Literary Reminiscences; From the Autobiography of an English Opium-Eater Volume 1-2

Literary Reminiscences; From the Autobiography of an English Opium-Eater Volume 1-2

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This historic book may have numerous typos and missing text. Purchasers can usually download a free scanned copy of the original book (without typos) from the publisher. Not indexed. Not illustrated. 1854 edition. Excerpt: ...had been effected, or else the nature of the accident, being in home waters. (offthe coast of Dorsetshire, ) might, by the nature of the contract, have taken the case out of the benefit of the policy. This loss, however, had it even been total, for a single sister amongst a family of flourishing brothers, could not be of any lasting importance. A much larger number of voices would proclaim her to have been unfortunate in life, because she made no marriage connection; and certainly the insipid as well as unfeeling ridicule which descends so plentifully from vulgar minds, upon those women who, perhaps from strength of character, have refused to make such a connection where it promised little of elevated happiness, does make the state of singleness somewhat ofa trial to the patience of many; and to many the cruelty of this trial has proved a snare for beguiling them of their honorable resolutions. Douhtless the most elevated form, and the most impassioned, of human happiness cannot be had out of marriage. But, as the opportunities are rare in which all the conditions concur for such connections, how important it is that the dignity of noble-minded (and, in the lowest case, of firmminded) women, should be upheld by society in the honorable election they make of a self-dependent state of virgin seclusion, by preference to a heartless marriage! Such women, as Mrs. Trollope justly remarks, fill a place in society which, in their default, could not be supplied, and are disposable for duties requiring a tenderness and a punctuality that could not be hoped from women preoccupied with household or maternal claims. In another point, Mrs. Trollope is right: few women live unmarried from necessity--few indeed. Miss Wordsworth, to my knowledge, had..show more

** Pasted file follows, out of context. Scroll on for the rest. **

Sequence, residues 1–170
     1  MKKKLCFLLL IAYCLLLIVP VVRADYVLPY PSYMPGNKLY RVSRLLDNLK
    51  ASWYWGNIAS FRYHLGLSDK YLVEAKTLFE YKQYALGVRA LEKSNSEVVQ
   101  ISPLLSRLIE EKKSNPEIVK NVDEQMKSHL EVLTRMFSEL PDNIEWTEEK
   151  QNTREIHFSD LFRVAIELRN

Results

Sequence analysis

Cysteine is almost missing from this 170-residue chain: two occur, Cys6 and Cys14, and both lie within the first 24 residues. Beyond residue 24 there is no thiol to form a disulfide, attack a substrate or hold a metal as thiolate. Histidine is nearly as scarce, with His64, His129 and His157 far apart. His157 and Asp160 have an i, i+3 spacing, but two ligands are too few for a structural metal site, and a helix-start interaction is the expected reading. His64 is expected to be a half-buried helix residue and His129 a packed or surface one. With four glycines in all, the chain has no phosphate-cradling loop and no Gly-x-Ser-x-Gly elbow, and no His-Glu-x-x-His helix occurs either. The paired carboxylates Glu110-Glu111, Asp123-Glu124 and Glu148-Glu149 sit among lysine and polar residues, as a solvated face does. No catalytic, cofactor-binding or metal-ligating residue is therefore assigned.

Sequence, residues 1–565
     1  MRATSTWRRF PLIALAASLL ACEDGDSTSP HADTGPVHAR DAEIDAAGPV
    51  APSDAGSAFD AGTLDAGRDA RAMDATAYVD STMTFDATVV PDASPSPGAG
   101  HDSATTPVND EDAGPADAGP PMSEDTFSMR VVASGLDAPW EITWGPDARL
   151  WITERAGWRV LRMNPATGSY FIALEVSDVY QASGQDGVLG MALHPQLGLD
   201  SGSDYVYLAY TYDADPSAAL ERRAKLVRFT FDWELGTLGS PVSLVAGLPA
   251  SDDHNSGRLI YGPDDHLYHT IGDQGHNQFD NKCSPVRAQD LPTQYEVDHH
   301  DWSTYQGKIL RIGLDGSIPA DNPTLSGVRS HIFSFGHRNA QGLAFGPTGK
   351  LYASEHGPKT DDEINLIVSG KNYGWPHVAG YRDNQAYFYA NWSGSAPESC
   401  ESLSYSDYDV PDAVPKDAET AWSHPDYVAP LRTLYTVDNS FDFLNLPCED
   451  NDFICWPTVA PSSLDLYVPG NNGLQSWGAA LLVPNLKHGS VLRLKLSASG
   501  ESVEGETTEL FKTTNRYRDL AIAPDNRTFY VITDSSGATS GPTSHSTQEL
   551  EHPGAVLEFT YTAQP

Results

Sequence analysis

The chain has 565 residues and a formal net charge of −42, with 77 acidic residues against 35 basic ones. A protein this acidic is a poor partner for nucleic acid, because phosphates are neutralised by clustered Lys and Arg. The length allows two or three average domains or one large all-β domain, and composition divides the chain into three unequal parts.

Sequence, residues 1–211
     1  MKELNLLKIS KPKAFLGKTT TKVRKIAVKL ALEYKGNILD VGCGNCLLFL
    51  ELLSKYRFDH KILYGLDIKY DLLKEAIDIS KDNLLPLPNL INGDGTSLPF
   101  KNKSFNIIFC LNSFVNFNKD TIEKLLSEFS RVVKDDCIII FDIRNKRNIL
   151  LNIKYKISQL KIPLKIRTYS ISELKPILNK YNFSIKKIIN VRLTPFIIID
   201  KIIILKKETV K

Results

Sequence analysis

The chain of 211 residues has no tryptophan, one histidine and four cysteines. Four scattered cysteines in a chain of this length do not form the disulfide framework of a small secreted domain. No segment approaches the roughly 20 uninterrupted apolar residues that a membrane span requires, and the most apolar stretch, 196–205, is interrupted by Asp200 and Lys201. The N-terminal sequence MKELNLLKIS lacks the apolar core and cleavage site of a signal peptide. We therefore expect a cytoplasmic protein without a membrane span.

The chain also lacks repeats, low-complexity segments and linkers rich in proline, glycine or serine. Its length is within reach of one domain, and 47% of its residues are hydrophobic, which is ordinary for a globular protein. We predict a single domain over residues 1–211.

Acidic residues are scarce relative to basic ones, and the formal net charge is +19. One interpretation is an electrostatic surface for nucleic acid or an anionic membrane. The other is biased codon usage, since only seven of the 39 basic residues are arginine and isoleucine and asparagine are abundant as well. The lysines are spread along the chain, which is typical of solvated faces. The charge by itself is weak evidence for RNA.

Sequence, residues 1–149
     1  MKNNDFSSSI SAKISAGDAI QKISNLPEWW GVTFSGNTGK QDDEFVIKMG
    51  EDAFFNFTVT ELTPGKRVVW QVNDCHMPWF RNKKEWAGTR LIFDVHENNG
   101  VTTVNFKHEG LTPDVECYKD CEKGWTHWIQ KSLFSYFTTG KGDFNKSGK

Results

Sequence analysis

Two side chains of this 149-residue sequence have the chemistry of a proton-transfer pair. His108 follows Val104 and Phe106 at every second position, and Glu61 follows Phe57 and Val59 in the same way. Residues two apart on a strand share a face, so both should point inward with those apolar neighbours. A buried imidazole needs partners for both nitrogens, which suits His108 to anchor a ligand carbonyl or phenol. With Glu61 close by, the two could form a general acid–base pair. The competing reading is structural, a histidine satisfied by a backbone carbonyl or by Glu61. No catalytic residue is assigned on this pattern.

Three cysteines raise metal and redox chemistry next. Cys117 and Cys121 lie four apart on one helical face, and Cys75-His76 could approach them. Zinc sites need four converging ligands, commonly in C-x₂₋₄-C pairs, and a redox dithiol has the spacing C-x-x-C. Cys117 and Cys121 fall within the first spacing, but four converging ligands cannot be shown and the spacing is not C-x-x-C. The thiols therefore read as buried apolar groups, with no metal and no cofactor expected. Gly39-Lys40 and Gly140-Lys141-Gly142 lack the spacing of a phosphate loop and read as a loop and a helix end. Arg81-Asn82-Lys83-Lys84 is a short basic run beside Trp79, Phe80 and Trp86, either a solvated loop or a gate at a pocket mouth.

Product details

  • Paperback | 206 pages
  • 189 x 246 x 11mm | 376g
  • Rarebooksclub.com
  • United States
  • English
  • black & white illustrations
  • 1236816315
  • 9781236816313